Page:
May 27th in Seal Beach History

On this date in 1926, the Santa Ana Register published this gushingly enthusiastic profile of Seal Beach with a photo spread.

In my Seal Beach research over the years, I’ve come across some wild feats of hyperbole, but I think the first three paragraphs in this article have all other beat.

In spite of its manic lack of restraint, this article provides a solid snapshot of what Seal Beach was in 1926 and what it was trying to present itself as to the world. (This does not include the whopper about the single drowning or the claims of safety. Whoof, such mendacity!)

So I’m going to quote the entire article and include the photos with commentary after the article.



Safety Factor Is Stressed By Residents of Town; Commerce Body Active




Vehicular Bridge Across Outer Channel of Bay Backed by Community


When Mother Nature chiseled the coast line of what was destined to Southern California, she gave particular attention to one favored spot, saying: “Here I will create a beach that will provide safe bathing for mankind, especially the women and little children.”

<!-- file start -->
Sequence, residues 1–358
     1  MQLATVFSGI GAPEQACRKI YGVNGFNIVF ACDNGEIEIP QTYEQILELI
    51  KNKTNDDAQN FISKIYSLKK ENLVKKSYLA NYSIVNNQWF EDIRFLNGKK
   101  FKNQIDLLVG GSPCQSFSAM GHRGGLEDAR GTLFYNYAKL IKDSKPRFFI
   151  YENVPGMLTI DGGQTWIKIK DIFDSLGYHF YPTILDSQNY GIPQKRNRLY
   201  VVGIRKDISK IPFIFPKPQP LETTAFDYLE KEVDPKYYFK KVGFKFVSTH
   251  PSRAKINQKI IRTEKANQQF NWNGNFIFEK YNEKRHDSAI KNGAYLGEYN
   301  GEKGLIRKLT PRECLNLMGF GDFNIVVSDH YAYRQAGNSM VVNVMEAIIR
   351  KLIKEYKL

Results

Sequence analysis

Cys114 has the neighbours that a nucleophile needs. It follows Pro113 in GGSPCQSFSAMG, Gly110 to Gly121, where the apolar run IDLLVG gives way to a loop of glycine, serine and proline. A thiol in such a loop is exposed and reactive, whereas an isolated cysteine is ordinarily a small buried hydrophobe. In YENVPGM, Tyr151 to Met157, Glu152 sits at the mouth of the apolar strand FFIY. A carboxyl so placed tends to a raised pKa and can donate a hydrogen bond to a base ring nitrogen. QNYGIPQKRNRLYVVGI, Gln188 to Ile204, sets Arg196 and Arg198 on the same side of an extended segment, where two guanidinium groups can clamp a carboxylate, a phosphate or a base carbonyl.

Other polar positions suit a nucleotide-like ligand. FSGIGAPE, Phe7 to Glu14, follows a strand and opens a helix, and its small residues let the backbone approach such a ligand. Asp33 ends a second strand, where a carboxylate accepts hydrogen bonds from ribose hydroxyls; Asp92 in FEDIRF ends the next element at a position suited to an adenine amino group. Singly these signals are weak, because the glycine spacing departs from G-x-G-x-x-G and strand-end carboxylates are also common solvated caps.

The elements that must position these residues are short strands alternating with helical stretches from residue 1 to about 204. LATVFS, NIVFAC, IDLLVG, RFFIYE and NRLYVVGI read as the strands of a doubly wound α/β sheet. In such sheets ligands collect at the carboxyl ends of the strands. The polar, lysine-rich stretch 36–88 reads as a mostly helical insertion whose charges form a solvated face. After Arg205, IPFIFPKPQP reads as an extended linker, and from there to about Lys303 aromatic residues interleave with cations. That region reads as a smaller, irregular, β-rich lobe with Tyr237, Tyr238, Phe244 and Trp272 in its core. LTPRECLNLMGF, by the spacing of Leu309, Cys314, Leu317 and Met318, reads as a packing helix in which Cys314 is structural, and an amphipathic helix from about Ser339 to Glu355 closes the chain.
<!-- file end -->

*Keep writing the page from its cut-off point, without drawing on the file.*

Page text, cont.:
With this end in view, she formed two Inland bays with entrances from the Pacific ocean nearly a mile apart, and between these she made a gradually sloping sandy beach free from dangerous riptides and strong undertow.

Neither time nor tides have changed this condition, and since the early days of civilization in Southern California, what is now known as the city of Seal Beach has been recognized as one beach where surf bathing is safe.

Surf Bathing Safe.

The greatest degree of safety in the surf is between two bays, Anaheim and Alamitos. Although thousands go into the surf there every season, so far as known there has been but one drowning, and that near the Alamitos bay channel, when a man who could not swim attempted to negotiate the breakers on a hastily constructed raft.

The safe condition of safety exists in Anaheim bay inside the bridge, but bathers are warned to keep away from the outer channel with its deep water and treacherous currents.

For these reasons, many inland people spend their summer vacations at Seal Beach and Anaheim Landing, which is a part of the city, and it is believed the greatest number of summer visitors will be accommodated this year, because there are many cottages and tents available for summer use.

Arrange Housing Facilities

The chamber of commerce has taken up the matter of providing housing facilities for summer visitors and complete details may be had by writing to Harry H. Newton, the secretary.